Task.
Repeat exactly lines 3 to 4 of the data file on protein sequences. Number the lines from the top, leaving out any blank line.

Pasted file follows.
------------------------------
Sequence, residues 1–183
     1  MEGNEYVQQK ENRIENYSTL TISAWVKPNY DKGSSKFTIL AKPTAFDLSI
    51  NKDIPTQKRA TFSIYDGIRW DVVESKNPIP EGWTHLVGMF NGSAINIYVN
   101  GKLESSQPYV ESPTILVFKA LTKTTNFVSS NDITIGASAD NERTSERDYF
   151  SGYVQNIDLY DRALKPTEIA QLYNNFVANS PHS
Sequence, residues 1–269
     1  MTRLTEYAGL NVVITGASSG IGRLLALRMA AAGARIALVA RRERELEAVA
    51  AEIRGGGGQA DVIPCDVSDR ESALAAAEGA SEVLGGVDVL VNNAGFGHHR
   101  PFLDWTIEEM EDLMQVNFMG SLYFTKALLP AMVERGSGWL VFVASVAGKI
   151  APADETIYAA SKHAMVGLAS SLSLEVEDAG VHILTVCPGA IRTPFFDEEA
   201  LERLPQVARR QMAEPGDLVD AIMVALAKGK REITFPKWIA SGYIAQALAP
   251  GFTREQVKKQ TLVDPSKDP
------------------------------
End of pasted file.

    51  NKDIPTQKRA TFSIYDGIRW DVVESKNPIP EGWTHLVGMF NGSAINIYVN
   101  GKLESSQPYV ESPTILVFKA LTKTTNFVSS NDITIGASAD NERTSERDYF